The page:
The Supreme Court ruling invalidating DOMA, the Defense of Marriage Act, will likely have sociological implications for years to come. But what’s the immediate tax impact? Under new IRS guidance, a same-sex couple will be treated like a traditional married couple for federal income tax purposes if they were married in a state that permits such marriages, regardless of where they reside. Here’s a summary of several key issues.
Filing status. Under the new ruling, legally married same-sex couples must file joint federal income tax returns for 2013, unless they opt to file separately as married individuals. Thus, same-sex couples now face the same tax dilemmas as other married couples.
Marriage penalty. Same-sex couples filing jointly may effectively pay a “marriage penalty” in situations where the income of each spouse is similar. For instance, instead of each spouse paying a top tax rate of, say, 28%, their combined top tax rate could reach 33%. Conversely, if their incomes are disparate, the couple might benefit from a “marriage bonus.”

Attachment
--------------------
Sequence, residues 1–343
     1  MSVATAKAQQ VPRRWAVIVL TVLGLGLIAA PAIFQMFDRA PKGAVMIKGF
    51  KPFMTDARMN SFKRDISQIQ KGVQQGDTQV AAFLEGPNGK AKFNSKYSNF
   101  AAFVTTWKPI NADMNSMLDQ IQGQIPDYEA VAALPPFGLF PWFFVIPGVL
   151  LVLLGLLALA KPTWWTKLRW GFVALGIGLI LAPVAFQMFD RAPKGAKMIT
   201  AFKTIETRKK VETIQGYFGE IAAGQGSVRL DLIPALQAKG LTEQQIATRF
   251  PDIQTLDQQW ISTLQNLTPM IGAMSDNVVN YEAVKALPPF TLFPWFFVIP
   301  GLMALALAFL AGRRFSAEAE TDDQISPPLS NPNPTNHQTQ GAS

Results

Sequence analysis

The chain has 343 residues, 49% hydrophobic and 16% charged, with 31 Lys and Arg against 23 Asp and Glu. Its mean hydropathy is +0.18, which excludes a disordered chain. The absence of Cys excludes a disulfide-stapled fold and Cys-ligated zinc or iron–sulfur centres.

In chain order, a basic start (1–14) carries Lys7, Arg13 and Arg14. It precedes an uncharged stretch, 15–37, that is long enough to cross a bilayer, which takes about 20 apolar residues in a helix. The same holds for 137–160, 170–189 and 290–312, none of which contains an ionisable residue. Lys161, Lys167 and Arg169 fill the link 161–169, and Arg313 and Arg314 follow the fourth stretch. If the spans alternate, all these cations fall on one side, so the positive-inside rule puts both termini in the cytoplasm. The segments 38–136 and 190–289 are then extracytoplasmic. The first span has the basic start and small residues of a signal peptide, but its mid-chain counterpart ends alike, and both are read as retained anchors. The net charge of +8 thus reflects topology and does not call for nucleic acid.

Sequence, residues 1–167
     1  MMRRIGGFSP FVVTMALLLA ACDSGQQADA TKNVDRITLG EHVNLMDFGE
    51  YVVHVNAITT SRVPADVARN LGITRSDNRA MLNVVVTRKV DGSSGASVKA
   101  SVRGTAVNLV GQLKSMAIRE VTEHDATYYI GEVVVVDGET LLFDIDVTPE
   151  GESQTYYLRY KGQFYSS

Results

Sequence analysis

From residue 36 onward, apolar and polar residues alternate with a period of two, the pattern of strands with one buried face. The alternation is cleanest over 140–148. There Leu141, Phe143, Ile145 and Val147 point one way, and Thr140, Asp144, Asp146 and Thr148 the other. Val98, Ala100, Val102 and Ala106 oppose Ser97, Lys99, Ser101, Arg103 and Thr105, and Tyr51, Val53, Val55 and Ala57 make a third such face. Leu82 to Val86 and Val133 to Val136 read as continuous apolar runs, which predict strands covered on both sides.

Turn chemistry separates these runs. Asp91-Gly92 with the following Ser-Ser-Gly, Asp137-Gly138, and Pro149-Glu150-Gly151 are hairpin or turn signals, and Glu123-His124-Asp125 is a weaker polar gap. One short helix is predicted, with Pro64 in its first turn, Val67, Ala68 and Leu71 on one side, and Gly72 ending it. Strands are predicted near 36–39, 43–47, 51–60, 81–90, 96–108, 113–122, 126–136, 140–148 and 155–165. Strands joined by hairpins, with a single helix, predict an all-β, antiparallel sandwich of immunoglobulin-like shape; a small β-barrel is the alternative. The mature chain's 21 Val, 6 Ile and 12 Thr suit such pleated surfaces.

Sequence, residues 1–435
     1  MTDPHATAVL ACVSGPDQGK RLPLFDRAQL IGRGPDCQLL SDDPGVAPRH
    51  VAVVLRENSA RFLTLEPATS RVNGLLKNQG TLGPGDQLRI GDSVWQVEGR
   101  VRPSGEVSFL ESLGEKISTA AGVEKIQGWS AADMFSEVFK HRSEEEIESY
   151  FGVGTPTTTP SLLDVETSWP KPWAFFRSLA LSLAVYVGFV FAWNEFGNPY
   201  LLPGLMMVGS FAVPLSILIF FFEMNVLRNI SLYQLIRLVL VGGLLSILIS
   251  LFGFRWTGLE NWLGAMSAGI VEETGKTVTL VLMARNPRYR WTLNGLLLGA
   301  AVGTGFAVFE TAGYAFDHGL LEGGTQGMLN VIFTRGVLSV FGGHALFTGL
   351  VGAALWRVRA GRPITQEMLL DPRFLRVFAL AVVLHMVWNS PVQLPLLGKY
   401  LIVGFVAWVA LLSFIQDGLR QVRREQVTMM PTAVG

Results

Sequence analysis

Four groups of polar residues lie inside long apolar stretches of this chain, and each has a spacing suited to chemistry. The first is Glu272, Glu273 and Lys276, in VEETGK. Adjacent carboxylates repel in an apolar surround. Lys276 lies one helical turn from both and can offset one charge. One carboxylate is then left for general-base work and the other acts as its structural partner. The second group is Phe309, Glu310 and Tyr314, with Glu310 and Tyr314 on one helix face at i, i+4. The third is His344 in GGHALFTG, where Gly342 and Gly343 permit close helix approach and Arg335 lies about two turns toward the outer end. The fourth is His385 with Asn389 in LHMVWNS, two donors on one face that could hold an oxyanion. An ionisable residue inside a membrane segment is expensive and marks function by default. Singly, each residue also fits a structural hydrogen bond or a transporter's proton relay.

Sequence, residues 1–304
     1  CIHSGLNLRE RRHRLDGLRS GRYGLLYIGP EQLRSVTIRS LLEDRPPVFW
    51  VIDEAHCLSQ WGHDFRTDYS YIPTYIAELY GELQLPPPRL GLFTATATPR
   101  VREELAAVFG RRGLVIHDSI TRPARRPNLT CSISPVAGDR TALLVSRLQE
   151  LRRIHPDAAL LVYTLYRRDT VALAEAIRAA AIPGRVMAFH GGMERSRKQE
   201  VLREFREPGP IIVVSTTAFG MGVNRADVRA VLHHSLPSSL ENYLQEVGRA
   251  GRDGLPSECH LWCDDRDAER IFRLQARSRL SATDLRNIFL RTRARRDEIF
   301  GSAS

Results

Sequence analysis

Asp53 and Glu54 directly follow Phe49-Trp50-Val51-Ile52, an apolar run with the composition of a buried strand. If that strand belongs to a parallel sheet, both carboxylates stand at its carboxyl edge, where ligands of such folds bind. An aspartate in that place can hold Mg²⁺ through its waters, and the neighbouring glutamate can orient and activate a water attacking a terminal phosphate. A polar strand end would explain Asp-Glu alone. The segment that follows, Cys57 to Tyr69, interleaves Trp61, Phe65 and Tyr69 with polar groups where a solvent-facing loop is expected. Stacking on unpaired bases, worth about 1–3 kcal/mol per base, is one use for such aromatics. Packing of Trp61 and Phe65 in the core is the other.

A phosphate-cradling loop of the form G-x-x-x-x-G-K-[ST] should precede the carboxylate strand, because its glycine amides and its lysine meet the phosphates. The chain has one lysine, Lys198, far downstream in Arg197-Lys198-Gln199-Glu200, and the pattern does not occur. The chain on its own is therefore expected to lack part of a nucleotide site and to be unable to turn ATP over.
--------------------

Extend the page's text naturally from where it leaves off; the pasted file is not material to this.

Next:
Deduction and credit limits. Again, the tax rules could work for or against a same-sex couple. For instance, tax breaks for higher education expenses are phased out above certain adjusted gross income (AGI) levels, thereby increasing or decreasing deductions or credits that were being claimed separately. Another example: Due to certain deduction “floors” based on AGI, the overall outcome may differ by using a combined AGI.
Amended returns. The IRS says that a same-sex couple may file an amended tax return for an open tax year – generally, 2010, 2011 or 2012 – but they aren’t legally obligated to amend returns for prior years. Thus, refund opportunities may be available.
There’s more to come. The IRS promises additional guidance in the near future.
David Compton is a Certified Public Accountant with offices in Meridian and Birmingham, Ala.